Budapest is looking lovely this time of year, despite the Danube rising over its banks and causing minor flooding in the city. My 4th of July plans don’t really have room for a trip to Budapest, but if they did, I’d go to the Ludwig Museum. The Ludwig Museum of Contemporary Art will be open until midnight on July 3 and 4. A night at the museum is always fun, and a night at the museum in Budapest during a warm summer sounds especially pleasant.
On these late nights, the Ludwig Museum will be showing films by Anton Corbijn
to complement the photography exhibition of his work that focuses on rock and roll idols, documenting them, and in a later series trying to become them, rather like Cindy Sherman’s transformations
I have been- ahem
– slightly focused on Hungarian art of late, and it just so happens the Ludwig Museum is displaying the largest amount of its permanent collection since its inception in 1991. How the collection came to be is an interesting story in itself: collector Peter Ludwig was a German tycoon with a passion for collecting art. In an obituary, The Independent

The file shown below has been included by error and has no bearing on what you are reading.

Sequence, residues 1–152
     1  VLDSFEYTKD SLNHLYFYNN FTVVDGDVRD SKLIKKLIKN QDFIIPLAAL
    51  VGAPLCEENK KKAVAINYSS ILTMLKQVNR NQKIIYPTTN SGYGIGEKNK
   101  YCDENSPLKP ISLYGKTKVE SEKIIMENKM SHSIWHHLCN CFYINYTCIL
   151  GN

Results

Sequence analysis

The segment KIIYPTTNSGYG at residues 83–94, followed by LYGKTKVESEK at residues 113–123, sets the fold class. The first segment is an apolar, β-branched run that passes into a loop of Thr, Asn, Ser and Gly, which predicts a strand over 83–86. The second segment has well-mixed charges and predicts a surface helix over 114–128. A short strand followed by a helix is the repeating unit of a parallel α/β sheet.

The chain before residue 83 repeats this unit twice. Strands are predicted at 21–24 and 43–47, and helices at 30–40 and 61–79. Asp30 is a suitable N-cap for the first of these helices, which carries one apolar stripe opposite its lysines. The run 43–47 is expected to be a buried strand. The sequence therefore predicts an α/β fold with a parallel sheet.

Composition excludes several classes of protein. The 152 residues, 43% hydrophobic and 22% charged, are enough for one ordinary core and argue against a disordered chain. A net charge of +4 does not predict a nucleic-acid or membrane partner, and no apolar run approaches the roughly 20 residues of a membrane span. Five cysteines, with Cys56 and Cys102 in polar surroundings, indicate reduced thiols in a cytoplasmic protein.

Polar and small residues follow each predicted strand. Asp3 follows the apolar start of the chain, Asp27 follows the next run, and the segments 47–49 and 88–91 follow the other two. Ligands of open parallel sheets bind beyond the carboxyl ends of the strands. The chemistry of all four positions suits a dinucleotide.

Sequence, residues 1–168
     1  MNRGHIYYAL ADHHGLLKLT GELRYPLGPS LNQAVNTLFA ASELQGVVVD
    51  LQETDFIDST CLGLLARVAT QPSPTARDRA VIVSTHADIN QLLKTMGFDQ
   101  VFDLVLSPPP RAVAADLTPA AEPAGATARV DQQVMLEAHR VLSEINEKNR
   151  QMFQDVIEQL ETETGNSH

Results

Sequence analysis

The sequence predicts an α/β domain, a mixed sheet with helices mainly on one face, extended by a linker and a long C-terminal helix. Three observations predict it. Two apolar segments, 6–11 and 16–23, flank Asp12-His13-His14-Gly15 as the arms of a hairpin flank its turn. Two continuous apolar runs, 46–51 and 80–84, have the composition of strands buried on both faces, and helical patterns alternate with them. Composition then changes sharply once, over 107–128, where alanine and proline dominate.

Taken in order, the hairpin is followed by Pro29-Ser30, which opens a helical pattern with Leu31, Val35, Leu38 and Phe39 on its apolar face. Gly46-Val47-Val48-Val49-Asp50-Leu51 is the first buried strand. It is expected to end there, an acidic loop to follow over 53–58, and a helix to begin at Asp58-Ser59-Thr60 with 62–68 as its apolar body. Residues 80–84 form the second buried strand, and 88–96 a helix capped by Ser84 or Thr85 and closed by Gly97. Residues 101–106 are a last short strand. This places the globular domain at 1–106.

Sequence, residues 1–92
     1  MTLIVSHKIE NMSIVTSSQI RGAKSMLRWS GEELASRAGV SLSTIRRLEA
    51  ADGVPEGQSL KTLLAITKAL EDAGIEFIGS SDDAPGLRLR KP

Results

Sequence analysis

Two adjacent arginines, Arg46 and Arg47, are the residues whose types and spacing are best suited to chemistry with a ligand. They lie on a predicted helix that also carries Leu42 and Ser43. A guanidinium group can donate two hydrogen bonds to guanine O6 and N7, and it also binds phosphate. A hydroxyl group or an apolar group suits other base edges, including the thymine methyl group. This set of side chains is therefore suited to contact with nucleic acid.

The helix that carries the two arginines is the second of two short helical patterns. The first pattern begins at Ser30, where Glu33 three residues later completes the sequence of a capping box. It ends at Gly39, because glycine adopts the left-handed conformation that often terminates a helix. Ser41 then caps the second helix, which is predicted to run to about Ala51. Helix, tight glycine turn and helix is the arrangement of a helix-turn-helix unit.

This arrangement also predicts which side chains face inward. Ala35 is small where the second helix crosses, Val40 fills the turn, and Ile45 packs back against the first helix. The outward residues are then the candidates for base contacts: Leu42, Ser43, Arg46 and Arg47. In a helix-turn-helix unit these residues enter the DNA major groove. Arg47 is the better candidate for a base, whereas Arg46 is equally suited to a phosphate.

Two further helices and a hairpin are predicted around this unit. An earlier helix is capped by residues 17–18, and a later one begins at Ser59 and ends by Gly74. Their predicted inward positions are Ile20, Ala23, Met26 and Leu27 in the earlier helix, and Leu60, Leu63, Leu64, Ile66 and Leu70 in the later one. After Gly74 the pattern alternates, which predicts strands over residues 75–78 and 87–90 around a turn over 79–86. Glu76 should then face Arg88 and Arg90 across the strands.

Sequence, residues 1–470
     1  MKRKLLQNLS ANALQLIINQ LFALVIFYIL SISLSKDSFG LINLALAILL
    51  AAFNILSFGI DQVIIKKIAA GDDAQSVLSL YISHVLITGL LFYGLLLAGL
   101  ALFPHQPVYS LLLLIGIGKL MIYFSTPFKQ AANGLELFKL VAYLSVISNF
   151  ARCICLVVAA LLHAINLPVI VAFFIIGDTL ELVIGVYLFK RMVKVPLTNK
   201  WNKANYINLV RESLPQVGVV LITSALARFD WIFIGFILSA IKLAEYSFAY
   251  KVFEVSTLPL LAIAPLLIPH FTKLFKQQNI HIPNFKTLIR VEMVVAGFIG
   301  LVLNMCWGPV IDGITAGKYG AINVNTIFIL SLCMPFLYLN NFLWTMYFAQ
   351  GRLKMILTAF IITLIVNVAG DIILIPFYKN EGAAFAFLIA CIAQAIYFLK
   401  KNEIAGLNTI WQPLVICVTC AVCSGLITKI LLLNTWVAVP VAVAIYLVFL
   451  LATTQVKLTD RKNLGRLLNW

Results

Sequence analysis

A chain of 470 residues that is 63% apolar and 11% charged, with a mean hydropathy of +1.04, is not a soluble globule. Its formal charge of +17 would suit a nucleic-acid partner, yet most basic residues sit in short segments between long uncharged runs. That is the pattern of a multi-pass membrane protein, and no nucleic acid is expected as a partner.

described him as “either the most selfless and discriminating
art collector of the late 20th
century or a self- aggrandising amasser
of objects which he regarded as bargaining counters in a relentless pursuit of honours and distinction in his native Germany and abroad.”
Hommage à Dezső Korniss by Nadler, left, and Faces from the Square by Feher, right
Either way, Peter Ludwig created one of the largest collections in private hands, and turned over much of it to found museums in Cologne and Budapest, among other things. Because of his extraordinary donation, 200 excellent works of the 20th C. out of 300 in the Ludwig Museum’s show are from Ludwig’s original collection. The Warhols, Lichtensteins and Oldenbergs are complemented by works by Hungarian artists such as Keserü, Nádler and Feher.
Doesn’t it just look like fun? A night at the museum, a little rock and roll, a solid permanent collection of Hungarian and International
art, and the story of an eccentric collector…